AWS Graviton3 CPU Detailed: 55 Billion Transistors, 7 Chiplet Design With 64 Cores & DDR5 Memory Support


Amazon AWS Graviton3 CPU instances have landed in Georgia after six months of waiting since the initial announcement. The AWS Graviton3 offers a unique three sockets per motherboard, which is not widely used in the industry. With four channels that offer dual DDR5 memory chips and rock 64 cores, these server-based chips will be a formidable competition with other server-side chip makers.

AWS Graviton3 CPU Rocks 64 Cores & DDR5 Memory Support Available, Triple Socket Per Motherboard

AWS Graviton3 processors are anticipated to be extremely fast, which is a must for server processing. Accelerators such as Intel's Ice Lake Xeon chips and the previous Graviton2 have upheld the marketplace for several years, but now the demand for processing speed is crucial to the industry.

The new AWS Graviton3 CPUs utilize seven chipsets on the silicon placed on their processors. The largest and most important compute die houses Arm cores placed in the middle of the processor. The Arm chiplet are four channels that offer dual DDR5 channels on each. Lastly, the final two chiplets house a PCIe Gen5 channel. As far as power, these new CPUs are comparable to Intel's Sapphire Rapids series.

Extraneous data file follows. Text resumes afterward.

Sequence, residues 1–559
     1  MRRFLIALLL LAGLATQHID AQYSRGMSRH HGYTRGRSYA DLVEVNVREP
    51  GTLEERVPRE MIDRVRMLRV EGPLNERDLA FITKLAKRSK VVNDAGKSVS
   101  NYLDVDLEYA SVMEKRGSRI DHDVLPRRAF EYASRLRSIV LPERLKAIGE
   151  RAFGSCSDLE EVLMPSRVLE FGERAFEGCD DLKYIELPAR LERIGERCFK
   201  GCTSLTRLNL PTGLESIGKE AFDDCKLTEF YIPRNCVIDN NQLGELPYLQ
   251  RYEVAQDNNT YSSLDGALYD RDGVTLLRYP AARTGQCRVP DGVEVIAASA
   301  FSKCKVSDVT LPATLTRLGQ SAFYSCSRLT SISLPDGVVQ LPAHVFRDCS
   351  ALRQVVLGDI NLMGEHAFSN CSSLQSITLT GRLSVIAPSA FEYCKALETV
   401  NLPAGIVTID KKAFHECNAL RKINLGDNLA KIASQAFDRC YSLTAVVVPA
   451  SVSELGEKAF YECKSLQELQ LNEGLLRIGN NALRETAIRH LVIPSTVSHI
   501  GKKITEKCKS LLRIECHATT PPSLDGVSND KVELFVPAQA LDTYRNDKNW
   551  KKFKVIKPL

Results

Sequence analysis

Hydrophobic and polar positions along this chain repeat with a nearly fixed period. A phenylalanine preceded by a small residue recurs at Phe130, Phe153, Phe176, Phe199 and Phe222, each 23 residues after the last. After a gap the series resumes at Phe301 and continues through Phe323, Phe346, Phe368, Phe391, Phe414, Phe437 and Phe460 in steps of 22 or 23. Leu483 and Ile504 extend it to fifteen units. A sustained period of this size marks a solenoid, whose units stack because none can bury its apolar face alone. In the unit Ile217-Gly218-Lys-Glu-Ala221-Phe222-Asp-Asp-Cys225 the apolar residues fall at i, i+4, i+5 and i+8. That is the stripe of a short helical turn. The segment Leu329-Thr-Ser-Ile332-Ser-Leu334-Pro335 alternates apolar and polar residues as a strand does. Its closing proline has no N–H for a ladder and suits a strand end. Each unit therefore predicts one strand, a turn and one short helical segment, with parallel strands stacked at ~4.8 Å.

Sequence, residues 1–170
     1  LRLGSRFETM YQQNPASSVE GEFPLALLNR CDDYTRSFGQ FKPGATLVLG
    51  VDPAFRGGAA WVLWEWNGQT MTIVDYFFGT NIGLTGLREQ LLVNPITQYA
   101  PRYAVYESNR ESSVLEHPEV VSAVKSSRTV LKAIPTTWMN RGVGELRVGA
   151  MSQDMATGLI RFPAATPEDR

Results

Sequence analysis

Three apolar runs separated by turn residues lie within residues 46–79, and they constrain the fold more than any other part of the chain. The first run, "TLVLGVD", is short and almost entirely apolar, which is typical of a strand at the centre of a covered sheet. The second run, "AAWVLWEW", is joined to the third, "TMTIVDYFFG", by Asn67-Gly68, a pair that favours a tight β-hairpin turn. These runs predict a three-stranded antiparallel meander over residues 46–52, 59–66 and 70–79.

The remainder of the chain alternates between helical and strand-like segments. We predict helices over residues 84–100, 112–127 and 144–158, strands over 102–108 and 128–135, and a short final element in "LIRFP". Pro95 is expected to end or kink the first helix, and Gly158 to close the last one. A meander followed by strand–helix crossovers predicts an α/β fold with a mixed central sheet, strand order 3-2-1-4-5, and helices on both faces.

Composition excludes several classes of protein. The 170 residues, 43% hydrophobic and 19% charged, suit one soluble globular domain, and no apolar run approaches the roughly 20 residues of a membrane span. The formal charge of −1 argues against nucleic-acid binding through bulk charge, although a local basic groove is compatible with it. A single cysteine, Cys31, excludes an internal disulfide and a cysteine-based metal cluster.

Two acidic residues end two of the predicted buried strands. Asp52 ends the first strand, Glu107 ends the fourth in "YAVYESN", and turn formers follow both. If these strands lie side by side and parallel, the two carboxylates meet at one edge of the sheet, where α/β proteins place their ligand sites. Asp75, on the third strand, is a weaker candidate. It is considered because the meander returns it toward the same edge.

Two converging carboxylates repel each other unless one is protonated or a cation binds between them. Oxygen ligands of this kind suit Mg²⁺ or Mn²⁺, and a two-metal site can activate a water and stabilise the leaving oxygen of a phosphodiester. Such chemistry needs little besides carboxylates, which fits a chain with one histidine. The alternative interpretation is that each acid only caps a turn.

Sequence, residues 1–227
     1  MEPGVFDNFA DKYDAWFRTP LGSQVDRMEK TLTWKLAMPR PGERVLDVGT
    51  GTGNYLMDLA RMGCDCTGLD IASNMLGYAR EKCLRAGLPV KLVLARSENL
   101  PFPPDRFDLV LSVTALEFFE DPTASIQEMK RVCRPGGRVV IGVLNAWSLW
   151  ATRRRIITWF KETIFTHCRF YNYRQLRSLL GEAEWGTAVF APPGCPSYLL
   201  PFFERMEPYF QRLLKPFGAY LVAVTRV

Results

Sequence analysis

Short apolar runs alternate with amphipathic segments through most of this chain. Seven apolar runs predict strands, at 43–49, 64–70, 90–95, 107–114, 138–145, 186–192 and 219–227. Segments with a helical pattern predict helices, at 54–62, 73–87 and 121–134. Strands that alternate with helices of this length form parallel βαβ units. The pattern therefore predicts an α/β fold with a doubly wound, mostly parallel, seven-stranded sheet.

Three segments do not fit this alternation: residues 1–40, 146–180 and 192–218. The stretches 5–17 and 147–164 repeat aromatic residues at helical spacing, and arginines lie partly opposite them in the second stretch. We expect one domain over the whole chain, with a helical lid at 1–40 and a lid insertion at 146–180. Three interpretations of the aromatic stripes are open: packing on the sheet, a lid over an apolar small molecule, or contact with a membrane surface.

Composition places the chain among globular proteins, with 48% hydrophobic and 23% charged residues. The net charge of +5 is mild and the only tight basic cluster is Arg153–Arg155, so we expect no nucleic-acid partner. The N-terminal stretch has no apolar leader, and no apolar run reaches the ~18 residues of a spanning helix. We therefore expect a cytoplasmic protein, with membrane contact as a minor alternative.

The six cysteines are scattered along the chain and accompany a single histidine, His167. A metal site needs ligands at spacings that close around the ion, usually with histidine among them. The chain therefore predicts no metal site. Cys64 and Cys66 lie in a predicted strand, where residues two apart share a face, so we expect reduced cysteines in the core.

The chip's design is not only for functionality but allows the company to make adjustments easier for newer next-gen variations. For instance, if AWS decides to move forward with a new series, calling it Graviton4, and the company wants to add recent changes to the existing hardware, they could replace a section, like the compute die, with something newer and more efficient. The remainder of the chips would then be used on the more recent generation without wasting more supplies, which can be a huge cost saver for the company. AWS learned from Intel's difficulties with PCIe Gen4 channels on 10nm nodes and strived to make a more easily accessible and company upgradable chipset.

AWS claims the new chipset will offer better consistency in latency than AMD and Intel with their EPYC and Sapphire Rapids processors, respectively. The focus of the new line of chips is "consistency" in areas such as performance and memory.

The AWS Graviton3 processors, utilizing three sockets per server, hint at a possible new tri-socket server layout instead of the standard one, two, or four-socket structures that other servers offer. AWS could use the three sockets for managing storage, security, and networking functionality.

Finally, AWS plans to vendor-lock their processors, leading to proprietary solutions for server-based companies so that they may sell proprietary software and hardware to those willing to sign up with the company.

Source: Serve the Home